CFRP drilling tests were performed with the gyro-driving grinding wheel system equipped with fabricated Cu/diamond FGMs as a grinding wheel. Cu was selected as metal matrix for its mechanical properties and high thermal conductivity. Diamond particles were used as abrasive in Cu matrix for machining CFRP. CFRP drilling tests were carried out with feed rate of 5 mm/min, peripheral wheel speed of 7000 rpm, spindle speed of 2800 rpm, and dry machining. Bidirectional CFRP composite laminates having thickness of 5 mm were used as workpiece material. Photographs of a hole having diameter of 20 mm drilled by the gyro-driving grinding wheel system equipped with fabricated Cu/diamond FGMs as a grinding wheel (Fig. 12a) and the one having diameter of 10 mm drilled by a conventional drill bit (Fig. 12b) in CFRP plates are shown in Figure 12. Delamination and burrs were seen in the drilled CFRP plate in the case of the conventional drill bit. It should be noted that precision drilling of CFRP plate without burring and delamination were achieved by the gyro-driving grinding wheel system equipped with fabricated Cu/diamond FGMs as grinding wheel. In this way, FGMs fabricated by the centrifugal sintered-casting method have been attempted to apply for the practical use.
As the other possibilities for application of FGMs, materials for heat sink can be considered as candidate. Nowadays, thermal management materials such as heat sink for microelectronics and semiconductors have been investigated, extensively [27–30]. The materials currently used for heat sinks are Al and Cu due to their high thermal conductivity in metals and alloys. The thermal conductivities of Al and Cu are about 250 and 400 W m−1 K−1, respectively. On the other hand, diamond is well known as the material having the highest thermal conductivity in materials. To enhance the thermal conductivity of heat sink materials, Al/diamond and Cu/diamond composites are promising materials. Our Al alloy/diamond and Cu/diamond FGMs fabricated by the centrifugal sintered-casting method might work as well in this field.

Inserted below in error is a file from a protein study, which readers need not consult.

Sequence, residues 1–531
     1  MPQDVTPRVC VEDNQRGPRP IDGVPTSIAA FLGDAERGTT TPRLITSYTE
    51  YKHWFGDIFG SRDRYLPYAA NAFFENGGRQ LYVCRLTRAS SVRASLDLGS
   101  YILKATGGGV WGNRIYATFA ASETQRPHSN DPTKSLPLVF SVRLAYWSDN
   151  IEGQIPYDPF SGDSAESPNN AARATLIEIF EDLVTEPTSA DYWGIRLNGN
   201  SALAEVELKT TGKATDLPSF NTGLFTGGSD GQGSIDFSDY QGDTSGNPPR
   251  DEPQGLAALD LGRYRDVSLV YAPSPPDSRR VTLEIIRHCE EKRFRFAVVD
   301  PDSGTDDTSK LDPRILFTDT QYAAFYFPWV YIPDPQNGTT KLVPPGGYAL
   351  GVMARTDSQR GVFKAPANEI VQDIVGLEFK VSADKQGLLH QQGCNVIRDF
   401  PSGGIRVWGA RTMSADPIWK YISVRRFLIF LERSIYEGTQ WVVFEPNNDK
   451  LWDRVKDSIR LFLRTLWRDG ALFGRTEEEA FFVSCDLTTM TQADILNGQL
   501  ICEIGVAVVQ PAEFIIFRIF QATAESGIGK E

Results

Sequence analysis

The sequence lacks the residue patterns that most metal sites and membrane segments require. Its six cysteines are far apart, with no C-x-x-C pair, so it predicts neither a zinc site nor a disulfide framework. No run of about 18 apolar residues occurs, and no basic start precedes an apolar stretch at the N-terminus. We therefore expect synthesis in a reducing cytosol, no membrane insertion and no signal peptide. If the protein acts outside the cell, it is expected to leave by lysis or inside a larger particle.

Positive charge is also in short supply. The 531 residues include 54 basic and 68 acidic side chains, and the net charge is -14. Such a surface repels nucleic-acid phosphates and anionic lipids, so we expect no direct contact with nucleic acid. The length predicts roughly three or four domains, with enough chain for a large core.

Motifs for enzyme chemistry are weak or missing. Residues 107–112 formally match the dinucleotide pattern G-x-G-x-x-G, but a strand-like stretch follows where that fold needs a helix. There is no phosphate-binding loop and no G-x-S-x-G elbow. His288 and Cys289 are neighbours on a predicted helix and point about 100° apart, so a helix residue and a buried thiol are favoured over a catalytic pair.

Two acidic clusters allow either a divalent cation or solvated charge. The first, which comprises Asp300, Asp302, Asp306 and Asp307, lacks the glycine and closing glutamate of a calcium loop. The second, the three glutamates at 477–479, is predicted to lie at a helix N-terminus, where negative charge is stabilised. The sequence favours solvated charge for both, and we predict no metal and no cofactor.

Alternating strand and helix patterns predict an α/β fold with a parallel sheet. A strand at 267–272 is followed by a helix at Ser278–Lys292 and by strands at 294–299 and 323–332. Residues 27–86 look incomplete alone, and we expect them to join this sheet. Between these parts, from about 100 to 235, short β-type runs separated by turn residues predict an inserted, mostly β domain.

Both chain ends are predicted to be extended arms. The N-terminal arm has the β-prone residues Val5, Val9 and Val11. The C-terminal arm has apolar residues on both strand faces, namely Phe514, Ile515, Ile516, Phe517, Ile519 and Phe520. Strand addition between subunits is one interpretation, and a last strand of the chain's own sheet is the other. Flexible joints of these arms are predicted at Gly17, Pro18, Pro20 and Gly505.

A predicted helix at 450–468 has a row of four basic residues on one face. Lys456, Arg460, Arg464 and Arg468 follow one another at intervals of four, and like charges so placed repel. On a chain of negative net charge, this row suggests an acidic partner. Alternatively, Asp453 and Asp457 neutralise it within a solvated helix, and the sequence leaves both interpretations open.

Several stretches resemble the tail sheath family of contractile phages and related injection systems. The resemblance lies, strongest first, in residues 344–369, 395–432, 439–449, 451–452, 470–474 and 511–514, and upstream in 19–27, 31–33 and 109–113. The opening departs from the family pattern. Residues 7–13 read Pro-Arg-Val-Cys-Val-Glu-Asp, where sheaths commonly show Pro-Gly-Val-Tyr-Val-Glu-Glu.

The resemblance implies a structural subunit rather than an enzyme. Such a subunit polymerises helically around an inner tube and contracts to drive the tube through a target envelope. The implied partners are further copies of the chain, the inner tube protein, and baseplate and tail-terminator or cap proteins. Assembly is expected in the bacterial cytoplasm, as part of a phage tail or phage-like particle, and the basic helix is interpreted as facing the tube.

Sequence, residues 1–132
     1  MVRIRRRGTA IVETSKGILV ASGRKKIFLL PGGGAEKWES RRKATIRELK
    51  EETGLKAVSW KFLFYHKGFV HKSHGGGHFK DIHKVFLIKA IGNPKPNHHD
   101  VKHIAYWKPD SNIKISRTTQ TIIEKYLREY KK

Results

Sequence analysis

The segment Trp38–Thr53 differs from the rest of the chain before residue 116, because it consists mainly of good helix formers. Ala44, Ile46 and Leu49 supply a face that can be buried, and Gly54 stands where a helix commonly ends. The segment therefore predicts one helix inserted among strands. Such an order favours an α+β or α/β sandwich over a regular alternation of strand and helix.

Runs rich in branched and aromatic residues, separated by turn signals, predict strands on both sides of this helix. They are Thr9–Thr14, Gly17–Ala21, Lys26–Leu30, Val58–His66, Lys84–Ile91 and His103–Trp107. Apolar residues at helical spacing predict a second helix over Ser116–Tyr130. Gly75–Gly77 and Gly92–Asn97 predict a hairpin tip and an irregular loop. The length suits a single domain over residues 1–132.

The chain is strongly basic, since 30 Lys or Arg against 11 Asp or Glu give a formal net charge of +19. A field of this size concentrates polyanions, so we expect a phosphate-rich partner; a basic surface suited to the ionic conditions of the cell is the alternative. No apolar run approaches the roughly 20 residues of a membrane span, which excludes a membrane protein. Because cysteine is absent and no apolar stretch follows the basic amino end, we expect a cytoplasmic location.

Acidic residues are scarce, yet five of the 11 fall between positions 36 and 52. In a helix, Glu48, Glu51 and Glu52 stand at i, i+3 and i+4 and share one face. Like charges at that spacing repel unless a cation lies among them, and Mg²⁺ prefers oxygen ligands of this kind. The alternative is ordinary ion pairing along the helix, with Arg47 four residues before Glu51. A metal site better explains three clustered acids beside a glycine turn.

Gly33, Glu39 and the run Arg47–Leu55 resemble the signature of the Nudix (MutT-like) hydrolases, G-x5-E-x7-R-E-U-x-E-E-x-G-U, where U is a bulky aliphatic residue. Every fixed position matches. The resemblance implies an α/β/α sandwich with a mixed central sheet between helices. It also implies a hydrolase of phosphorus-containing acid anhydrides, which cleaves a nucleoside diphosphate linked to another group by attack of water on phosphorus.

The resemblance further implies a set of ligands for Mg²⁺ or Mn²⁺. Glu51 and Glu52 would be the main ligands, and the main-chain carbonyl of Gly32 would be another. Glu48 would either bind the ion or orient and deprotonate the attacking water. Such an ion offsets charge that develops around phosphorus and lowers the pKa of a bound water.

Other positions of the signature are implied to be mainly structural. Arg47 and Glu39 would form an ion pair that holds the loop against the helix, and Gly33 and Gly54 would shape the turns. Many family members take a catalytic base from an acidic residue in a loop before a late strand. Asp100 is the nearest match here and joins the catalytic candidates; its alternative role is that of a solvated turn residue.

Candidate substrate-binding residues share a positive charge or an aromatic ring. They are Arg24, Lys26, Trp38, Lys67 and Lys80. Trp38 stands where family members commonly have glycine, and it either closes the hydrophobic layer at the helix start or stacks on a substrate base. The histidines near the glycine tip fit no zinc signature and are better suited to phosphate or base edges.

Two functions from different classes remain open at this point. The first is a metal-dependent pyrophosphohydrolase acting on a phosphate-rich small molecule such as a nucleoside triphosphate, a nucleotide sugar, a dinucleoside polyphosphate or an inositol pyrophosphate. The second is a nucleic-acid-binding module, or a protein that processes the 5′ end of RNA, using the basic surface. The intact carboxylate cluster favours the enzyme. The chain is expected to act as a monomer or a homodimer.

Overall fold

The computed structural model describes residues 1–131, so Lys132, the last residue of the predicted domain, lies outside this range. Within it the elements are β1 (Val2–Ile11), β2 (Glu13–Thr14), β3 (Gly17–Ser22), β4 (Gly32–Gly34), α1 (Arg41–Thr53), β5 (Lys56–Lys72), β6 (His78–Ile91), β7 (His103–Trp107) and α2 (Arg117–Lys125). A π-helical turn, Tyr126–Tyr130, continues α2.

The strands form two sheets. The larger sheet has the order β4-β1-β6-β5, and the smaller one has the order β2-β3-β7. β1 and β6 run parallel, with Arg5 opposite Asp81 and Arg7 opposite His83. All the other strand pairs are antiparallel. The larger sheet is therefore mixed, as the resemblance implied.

Two kinds of new processing routes for metal-matrix FGMs through combinations of powder metallurgy and casting were developed: the centrifugal mixed-powder method and the centrifugal sintered-casting method. Metal-matrix FGMs were obtained by these two methods. These processing methods enable us to overcome existing problems in the conventional fabrication process of FGMs. Fabricated FGMs were also applied to machining CFRP as an attempt for the practical use. Continued studies for fabrication processes of FGMs and the gyro-driving grinding wheel system are still required to put them into practical use in the future. Further investigations should open up a new field of and a market for FGMs.
The authors would like to acknowledge financial supports by the Regional Innovation Cluster Program (Global Type) “Tokai Region Nanotechnology Manufacturing Cluster” from the Ministry of Education, Culture, Sports, Science and Technology (MEXT) of Japan. The authors would like to thank Mr. Hideaki Tsuge, Industrial Research Institute of Gifu Prefecture, for use of the gyro-driving grinding wheel system and his valuable inputs. The authors are grateful to Ms. Motoko Yamada, Nagoya Institute of Technology, for her assistance in parts of experiments.